Prognosis of schizophrenia subtypes

The evidence that each of the 'classic' subtypes of schizophrenia is associated with a characteristic patterns of course is generally weak but surprisingly good for some of the subtypes. Thus, consistent differences have been reported between paranoid, hebephrenic, and undifferentiated schizophrenia (diagnosed according to DSM-III) on a long-term follow-up of 19 years.(52) Paranoid schizophrenia tended to have a remittent course, and to be associated with less disability, in contrast to hebephrenia which had an insidious onset and poor long-term prognosis. Undifferentiated schizophrenia occupied an intermediate position. In the WHO International Pilot Study of Schizophrenia,(33) four alternative groupings of the ICD-9 subtypes were tested by a discriminant function for differences with regard to six course and outcome measures. Clear discrimination was achieved between simple and hebephrenic schizophrenia grouped together on the one hand and the schizoaffective subtype on the other. However, the comparison of simple and hebephrenic schizophrenia with paranoid schizophrenia resulted in a considerable degree of overlap.

Better discrimination has been claimed for groups of patients diagnosed according to the criteria of Leonhard. (53> A 5- to 13-year follow-up of 178 patients admitted with a diagnosis of schizophrenia and rediagnosed according to the Leonhardian criteria as systematic schizophrenia, atypical (unsystematic) schizophrenia, cycloid psychosis, or reactive psychosis(54) resulted in marked outcome differences on blind assessment. While only 10 per cent of the cases in the two schizophrenia groups were judged to have 'recovered', the corresponding proportion in the cycloid and reactive psychoses group was 38 per cent. Conversely, the proportions of 'unimproved' cases were 49 per cent and 3 per cent.

The question of whether good-prognosis remitting schizophrenia of an acute onset is a separate subtype that could also be distinguished symptomatologically was addressed in the WHO 10-country study(38) by comparing 274 patients with an initial ICD-9 diagnosis of acute schizophrenic episode and 752 patients with other schizophrenia subtypes. The group of acute cases tended to be younger and had a lower male-to-female ratio, but was no different from the rest of the schizophrenic patients with regard to initial symptomatology. Similar conclusions were reached by Vaillant(55) in a 4- to16-year follow-up of schizophrenic patients who remitted after an acute episode. This argues against acute schizophreniform illness being a discrete syndrome, outside the clinical spectrum of schizophrenia.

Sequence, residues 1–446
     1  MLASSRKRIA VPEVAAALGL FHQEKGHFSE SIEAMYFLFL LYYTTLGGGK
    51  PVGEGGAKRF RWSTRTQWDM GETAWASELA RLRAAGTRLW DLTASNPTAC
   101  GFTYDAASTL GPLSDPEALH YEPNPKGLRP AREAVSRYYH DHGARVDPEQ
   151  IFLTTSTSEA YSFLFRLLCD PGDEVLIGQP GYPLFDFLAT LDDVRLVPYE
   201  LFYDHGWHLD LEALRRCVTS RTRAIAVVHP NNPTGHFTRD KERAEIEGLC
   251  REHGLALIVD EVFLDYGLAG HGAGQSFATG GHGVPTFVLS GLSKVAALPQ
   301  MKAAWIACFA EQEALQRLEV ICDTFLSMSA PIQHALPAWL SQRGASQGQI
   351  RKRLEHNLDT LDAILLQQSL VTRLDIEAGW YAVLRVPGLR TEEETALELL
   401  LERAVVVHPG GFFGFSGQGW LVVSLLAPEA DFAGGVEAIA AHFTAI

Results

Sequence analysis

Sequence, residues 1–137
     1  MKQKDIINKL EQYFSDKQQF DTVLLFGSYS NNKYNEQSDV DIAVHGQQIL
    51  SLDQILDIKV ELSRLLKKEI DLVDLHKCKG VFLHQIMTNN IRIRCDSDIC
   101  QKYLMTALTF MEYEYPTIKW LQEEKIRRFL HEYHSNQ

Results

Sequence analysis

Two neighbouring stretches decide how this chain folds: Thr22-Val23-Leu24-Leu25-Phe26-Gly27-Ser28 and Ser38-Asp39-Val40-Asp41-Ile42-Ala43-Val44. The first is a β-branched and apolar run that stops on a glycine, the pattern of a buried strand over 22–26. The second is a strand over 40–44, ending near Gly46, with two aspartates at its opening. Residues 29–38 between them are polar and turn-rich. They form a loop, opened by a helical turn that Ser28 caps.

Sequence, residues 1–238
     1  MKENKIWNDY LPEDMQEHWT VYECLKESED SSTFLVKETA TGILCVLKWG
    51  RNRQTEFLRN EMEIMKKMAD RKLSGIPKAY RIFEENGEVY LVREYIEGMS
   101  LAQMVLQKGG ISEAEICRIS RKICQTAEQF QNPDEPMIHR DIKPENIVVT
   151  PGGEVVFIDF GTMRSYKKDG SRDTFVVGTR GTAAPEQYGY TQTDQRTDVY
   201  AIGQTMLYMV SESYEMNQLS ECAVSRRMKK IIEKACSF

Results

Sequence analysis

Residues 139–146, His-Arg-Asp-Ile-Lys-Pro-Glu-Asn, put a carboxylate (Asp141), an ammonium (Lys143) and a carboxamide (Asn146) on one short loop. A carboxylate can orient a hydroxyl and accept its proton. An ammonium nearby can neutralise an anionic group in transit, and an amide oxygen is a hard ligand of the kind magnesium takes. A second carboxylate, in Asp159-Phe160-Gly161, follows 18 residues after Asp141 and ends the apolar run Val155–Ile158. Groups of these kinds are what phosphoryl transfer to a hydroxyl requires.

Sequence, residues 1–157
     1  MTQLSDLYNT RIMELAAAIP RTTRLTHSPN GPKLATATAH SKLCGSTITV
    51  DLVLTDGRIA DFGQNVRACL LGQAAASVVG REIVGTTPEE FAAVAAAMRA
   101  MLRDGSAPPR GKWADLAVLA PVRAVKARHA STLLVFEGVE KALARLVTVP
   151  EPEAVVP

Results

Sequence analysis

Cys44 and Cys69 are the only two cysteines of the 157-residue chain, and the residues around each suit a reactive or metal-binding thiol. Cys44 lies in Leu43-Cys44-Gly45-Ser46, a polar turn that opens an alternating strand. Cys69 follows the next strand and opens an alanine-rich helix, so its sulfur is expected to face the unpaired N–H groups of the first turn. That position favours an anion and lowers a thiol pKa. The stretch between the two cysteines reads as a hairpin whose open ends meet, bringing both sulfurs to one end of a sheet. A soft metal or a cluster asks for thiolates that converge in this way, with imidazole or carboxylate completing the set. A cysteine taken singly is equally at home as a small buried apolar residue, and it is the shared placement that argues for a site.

The course and outcome data on schizoaffective disorders seem to support their placement within the broad category of schizophrenia. A retrospective and prospective study of 150 schizoaffective patients and 95 bipolar affective patients (56) established general similarities between the two groups but the schizoaffective cases were less likely to achieve a full remission and more likely to develop a residual state (in 57 per cent compared to 24 per cent for the bipolar group). An intermediate outcome between that of schizophrenia and bipolar affective disorder is a common finding.(22) Predictors of course and outcome

A wide range of variables have been explored as possible predictors of course and outcome in schizophrenia: sociodemographic characteristics; characteristics of the premorbid personality and pre-onset functioning; family history of psychiatric disorder; history of past psychotic episodes and treatments; substance use; characteristics of the onset; features of the initial clinical state and treatment response; variables related to brain morphology and neurocognitive functioning. A synopsis of findings about predictors is presented in Tabl§ 3.. I§ble...4 lists the results of statistical analysis of predictors for each of four different measures of 2-year course and outcome in the WHO 10-country study.(38)

Table 3 Significant findings about predictors of course and outcome in schizophrenia

Table 4 Best predictors of 2-year course and outcome in the WHO 10-country study (results of log-linear analysis of 1078 cases)

Many predictors have been replicated independently by different investigators and there is reasonable agreement on the general direction of their effects. However, the definitions of both the independent (predictor) and the dependent (outcome) variable vary across studies, and the statistical methods employed range from simple descriptive statistics (e.g. x per cent of the patients with characteristic y developed outcome z) to proper statistical models with capacity to quantify the independent contribution of individual variables to a specified outcome.

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Responses

  • edward
    Which subtypes of schizophrenia have a poor prognosis?
    20 days ago

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